ā Latinā, ad Nihongam

by Bryson Torgovitsky

For the past three years, I have attended Washington Latin DC Public Charter School. In those three years, I have taken four levels of Latin class – one of which was a complete level done over summer vacation – and scored a perfect score on the National Latin Exam in my Sophomore Year. However, the techniques which allowed me to excel in Latin are less applicable in Japanese Plus.

Modern English takes multiple morphemes from Latin, which are used to form English words. For example, the word commiserate takes a prefix, root, and suffix from the Latin language. “Com” which means “with,” “misera” which means sadness, and “te” which signifies a group action. As a whole, “commiserate” means to express sympathy or sadness with others. Being able to reverse-engineer English into Latin made memorization of Latin words easier.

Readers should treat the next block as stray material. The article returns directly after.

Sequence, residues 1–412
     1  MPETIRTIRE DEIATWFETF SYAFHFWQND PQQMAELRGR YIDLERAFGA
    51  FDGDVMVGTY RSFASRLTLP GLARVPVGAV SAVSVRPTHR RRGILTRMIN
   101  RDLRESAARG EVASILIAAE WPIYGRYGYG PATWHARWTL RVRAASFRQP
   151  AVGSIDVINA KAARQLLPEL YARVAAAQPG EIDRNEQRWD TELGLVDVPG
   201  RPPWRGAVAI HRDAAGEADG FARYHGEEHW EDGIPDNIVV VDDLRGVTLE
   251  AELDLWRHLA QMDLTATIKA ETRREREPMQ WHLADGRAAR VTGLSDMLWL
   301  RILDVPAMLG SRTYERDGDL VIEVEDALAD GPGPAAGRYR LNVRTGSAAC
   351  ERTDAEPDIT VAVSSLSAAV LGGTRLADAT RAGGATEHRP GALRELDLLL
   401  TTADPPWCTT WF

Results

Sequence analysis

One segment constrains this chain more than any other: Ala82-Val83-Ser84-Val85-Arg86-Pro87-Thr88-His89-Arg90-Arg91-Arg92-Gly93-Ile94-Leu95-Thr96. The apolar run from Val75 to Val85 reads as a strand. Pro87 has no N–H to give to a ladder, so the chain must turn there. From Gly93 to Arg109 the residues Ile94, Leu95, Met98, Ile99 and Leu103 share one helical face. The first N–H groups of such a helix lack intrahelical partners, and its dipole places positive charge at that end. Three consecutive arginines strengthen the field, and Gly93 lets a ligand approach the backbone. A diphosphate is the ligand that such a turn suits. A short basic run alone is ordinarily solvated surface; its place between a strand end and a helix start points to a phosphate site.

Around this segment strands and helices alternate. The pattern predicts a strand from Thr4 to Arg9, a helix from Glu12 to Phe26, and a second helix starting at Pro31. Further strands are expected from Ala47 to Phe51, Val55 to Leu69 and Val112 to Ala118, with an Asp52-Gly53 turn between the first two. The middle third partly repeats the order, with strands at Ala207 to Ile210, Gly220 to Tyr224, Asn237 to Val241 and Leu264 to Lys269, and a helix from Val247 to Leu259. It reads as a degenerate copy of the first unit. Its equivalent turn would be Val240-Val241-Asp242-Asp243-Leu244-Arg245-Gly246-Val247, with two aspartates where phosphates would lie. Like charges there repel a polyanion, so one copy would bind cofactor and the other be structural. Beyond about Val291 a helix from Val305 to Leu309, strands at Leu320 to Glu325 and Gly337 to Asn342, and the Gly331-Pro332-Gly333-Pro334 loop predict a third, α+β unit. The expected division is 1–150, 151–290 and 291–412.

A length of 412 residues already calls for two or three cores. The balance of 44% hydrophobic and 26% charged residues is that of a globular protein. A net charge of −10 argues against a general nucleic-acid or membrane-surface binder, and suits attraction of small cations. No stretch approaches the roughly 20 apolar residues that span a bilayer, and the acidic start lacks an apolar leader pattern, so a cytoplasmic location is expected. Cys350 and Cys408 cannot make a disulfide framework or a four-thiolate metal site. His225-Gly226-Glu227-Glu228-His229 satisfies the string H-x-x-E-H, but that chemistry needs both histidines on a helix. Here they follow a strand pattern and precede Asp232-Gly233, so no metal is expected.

On the other hand, Japan is formed from Chinese so Japanese words come from different morphemes than English words. I have no background in Chinese, and over the course of centuries Chinese and Japanese have diverged so greatly that I am not sure if a Chinese language background would even be useful. Since I cannot use my “reverse-engineering” methods as I did with Latin, I have had to develop new strategies. Luckily, my uncle Steve has begun teaching me the methods that he used when he was first learning Japanese. His method involves taking an English phrase and blending the sounds of the words until it becomes the Japanese phrase you want! They do not have to be phrases with the same meanings, for example the English words “Thinking desk” can become the Japanese “Genki desu” (I am well) after some blending. I am hopeful that my uncle’s blending method will help me to excel as much in Japanese Plus as my reverse-engineering method did in my Latin class.

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